A little while ago, I was having lunch on the beach of Koh Lanta in Thailand with LA based composer and songwriter Phillip Lober. His recent placements includes The Jungle Book, Pete’s Dragon, The Avengers, and Teenage Mutant Ninja Turtles, to mention some of them. As we had lunch, we discussed the trailer music industry, what’s needed to succeed in it, and Phil’s advice for aspiring trailer music composers out there.
Here are his top five tips for anybody wishing to succeed in the trailer music industry:
Mimic it slightly, but don’t copy. Notice the style, how it builds, the musical elements, the atmosphere – and blend it with your personal style. The trailer music industry is always following different trends that are constantly changing and evolving. The current trends might determine what kind of tracks the trailer editors are looking for, so by studying a track that’s been recently successful, you might be able to catch a good wave. However, strive to create something slightly new. Mix what works, with your own personal touch, and you will be able to come up with a licensable, unique sound.
If the production isn’t strong, even a good composition might have a hard time succeeding in this business. As competition grows in the industry, having high production quality is quintessential. Given the high number of tracks and composers today, not having your tracks produced well enough will significantly lower your chances of standing out in the vast ocean of material out there. Remember, you just have a few seconds to impress the music supervisor or trailer editor, before they switch to the next track. Giving a good first impression with a solid production is definitely required to grab their attention.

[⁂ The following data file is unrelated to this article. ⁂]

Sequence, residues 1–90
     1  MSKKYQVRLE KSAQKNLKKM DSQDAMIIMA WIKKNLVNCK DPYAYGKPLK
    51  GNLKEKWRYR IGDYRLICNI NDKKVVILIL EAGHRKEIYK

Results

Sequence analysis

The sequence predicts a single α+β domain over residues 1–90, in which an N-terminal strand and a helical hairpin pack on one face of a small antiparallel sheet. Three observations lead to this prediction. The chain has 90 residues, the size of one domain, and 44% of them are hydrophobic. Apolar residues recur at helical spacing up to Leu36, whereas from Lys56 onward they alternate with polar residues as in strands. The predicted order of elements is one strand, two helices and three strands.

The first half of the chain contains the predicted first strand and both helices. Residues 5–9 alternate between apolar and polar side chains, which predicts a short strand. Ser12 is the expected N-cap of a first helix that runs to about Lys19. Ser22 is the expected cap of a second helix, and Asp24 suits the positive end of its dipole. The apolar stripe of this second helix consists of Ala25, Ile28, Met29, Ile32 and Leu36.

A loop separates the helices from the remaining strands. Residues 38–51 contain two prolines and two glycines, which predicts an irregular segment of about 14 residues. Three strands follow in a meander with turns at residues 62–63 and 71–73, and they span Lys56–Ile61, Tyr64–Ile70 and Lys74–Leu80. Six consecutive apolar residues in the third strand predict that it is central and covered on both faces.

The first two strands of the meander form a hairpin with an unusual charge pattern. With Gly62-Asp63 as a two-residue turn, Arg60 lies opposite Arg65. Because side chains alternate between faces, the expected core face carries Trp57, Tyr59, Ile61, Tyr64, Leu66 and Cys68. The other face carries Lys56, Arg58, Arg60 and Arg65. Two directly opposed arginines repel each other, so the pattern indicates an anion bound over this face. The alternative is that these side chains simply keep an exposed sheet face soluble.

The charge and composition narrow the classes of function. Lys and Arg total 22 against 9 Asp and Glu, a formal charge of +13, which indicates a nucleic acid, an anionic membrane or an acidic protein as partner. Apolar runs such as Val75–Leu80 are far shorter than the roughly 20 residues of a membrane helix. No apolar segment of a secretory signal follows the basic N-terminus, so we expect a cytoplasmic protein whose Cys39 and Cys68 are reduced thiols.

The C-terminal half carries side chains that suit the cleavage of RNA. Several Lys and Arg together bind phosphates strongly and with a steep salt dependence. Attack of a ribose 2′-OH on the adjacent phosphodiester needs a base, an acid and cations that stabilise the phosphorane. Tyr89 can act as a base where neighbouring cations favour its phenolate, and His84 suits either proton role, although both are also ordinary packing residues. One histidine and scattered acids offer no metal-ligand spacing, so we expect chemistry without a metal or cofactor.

You should aim to have some kind of hook element that defines your track in some way, giving it a uniqueness that attracts the attention of editors. This can be a sound effect, a piano chord, a rhythmic pattern, or basically anything else. One great example of such a hook, is “Mind Heist” from Zack Hemsey, that was used in the Inception trailer. The characteristic “BRAAAM” effect became insanely popular after that, suddenly appearing in almost every trailer cue around – changing the entire trailer music industry for years to come.
There will be times where you’ll see no results, but if you keep on writing, suddenly things will start moving and you will eventually start to get licenses. I know people who made 30 tracks for libraries before anything happened at all. Now, their music is getting placed in the biggest Hollywood campaigns out there on a regular basis. Keep your head held high, and don’t give up even it seems hopeless at times. You can’t expect your first licenses to come overnight. More often than not, it takes a bit of time until you gain momentum, but when you do, you’ll see everything suddenly happening more rapidly, and it will all be worth it.
Don’t mass produce tracks every day. spend a little more time getting them better and more unique before moving on to the next so it stands out in the ocean of competition. Make every track a tiny bit more characteristic. Refine the production just a little bit. But, at the same time, don’t get too hung up in each track. You won’t be able to make money in this industry if you’re way too much of a perfectionist. You have to find a healthy balance. Learn to let go when a track is good enough and move on to the next one.
Check out Phil’s music in the Pete’s Dragon Official Trailer, from 0.46 onwards.
Composer, producer, entrepreneur and digital nomad from Norway, and the co-founder of Evenant. Has a strong passion for traveling, exploring new cultures, learning new skills and creating new things.